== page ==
Upper Canada College’s Horizons program invited guests and engaged in a variety of activities this summer as part of its “My vision of Toronto” theme.
Horizons was created in 1999 as a partnership between UCC and the Toronto District School Board to share resources, provide learning opportunities for both public and independent school groups, and build mentoring and tutoring relationships between students.
Horizons offers an enriched academic summer program for 180 children from priority neighbourhoods around the city. Dwayne Morgan — an accomplished local poet, spoken word artist and motivational speaker — was invited to the school on July 10 to speak to all of them.
“He’s been writing and performing for over 20 years, and he has a really lovely way of connecting with youth in a positive and hopeful way,” says Horizons director Jyoti Sehgal, who first became aware of Morgan during her early teaching days in Scarborough, Ont.
“There’s a lot of negativity in relationships at their age group of grades seven to nine, where they sometimes find put-downs funny. They avoid or maybe don’t even recognize the positives in other people. He reframes the way they should look at their friendships and relationships.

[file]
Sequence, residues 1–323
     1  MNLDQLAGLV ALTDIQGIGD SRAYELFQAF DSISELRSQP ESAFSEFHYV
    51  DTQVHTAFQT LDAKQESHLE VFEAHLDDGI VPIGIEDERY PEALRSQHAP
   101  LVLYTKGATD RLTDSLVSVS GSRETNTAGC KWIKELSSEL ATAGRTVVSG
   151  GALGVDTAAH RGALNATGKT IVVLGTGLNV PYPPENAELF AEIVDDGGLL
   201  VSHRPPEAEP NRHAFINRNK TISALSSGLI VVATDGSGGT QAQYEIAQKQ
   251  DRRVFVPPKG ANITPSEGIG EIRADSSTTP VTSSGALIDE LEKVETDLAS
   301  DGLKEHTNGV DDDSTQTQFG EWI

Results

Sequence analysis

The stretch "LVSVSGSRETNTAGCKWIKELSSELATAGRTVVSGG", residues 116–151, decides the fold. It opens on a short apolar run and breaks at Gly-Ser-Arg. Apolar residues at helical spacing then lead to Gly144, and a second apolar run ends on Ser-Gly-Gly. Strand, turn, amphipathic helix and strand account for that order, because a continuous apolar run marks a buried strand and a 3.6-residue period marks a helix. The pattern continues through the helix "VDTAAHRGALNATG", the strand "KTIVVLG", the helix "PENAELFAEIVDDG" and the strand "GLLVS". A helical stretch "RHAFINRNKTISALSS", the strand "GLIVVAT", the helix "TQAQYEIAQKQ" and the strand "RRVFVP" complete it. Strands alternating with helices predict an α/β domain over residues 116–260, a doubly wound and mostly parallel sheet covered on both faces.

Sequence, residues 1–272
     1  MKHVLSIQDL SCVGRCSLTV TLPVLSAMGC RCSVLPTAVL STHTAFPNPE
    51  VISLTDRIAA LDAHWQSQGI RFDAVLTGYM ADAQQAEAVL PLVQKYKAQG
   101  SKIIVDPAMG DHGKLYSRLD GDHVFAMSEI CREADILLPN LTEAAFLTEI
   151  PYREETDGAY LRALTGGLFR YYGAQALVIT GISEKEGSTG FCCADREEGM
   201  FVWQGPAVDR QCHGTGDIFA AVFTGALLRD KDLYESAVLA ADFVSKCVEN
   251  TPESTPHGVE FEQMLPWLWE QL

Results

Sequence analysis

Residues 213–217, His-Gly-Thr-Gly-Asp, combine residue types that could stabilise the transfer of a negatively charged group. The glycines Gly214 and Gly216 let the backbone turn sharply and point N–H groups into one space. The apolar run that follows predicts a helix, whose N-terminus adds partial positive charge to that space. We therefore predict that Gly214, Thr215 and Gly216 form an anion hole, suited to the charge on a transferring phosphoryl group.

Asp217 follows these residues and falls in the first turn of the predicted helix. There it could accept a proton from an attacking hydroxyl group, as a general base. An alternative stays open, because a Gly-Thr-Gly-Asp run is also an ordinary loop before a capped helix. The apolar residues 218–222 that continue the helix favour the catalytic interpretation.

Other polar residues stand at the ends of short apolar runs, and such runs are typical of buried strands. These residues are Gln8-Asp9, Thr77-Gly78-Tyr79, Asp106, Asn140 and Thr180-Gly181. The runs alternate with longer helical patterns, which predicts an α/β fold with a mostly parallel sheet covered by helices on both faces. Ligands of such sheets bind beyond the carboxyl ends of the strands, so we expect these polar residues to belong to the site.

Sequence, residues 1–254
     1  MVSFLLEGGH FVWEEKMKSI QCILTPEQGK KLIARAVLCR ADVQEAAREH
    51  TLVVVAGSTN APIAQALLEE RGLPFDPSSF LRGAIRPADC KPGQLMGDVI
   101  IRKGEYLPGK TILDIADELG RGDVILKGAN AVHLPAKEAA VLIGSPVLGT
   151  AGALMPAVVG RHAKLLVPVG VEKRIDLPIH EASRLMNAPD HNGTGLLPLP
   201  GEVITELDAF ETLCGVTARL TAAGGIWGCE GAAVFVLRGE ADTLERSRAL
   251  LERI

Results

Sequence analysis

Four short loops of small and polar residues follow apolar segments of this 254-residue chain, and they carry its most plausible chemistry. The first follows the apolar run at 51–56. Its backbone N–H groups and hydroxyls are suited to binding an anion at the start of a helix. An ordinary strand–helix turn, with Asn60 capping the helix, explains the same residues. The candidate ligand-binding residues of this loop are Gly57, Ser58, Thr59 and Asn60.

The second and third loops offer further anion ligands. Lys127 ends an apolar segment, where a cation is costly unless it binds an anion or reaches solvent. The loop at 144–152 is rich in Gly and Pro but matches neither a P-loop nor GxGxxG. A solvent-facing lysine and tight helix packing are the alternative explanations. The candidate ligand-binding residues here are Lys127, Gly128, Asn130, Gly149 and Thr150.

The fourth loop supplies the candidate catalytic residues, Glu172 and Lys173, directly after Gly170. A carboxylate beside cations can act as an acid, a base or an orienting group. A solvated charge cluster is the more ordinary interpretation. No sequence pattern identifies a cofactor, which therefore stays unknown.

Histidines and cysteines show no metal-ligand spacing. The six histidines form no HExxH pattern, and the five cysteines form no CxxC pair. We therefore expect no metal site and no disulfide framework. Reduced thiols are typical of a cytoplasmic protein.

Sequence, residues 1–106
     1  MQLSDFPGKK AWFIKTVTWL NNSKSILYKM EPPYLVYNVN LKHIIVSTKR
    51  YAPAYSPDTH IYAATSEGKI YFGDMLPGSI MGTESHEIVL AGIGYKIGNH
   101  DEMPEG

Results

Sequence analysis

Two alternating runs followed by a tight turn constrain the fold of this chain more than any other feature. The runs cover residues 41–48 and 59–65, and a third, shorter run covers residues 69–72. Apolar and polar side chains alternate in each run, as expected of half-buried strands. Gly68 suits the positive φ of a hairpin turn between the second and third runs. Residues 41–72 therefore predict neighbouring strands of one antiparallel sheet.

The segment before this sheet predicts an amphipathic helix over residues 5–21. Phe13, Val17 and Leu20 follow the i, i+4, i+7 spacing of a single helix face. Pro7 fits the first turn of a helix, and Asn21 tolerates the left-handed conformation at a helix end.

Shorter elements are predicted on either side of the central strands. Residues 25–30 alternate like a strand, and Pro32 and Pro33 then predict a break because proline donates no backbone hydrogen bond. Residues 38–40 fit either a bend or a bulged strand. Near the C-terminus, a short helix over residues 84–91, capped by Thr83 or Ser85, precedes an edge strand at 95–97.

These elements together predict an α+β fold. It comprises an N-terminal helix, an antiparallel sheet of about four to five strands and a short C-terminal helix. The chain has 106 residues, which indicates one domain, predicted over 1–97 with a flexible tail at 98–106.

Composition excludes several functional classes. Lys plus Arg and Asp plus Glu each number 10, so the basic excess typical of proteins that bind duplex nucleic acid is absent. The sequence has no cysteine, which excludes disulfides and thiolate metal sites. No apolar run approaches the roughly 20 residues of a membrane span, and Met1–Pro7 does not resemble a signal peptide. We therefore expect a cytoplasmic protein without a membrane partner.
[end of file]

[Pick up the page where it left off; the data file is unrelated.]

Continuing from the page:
“He speaks very powerfully, gets everyone involved and just captivates everybody.”
You can watch clips of Morgan’s address to the Horizons students here.
Local musician, composer, producer, DJ and actor Quincy Bullen — the son of Juno Award-winning pianist, composer, arranger and producer Eddie Bullen — was another guest. The talented teen took part in the Horizons talent show on July 21.
Students in each Horizons grade participated in walks where they learned about the indigenous histories of different areas of Toronto, and Grade 8 students interviewed local change-makers in conjunction with this summer’s theme.
“Our students are incredibly engaged, interested and excited,” says Sehgal. “It’s wonderful to work with kids who are so enthusiastic about coming to school in July.”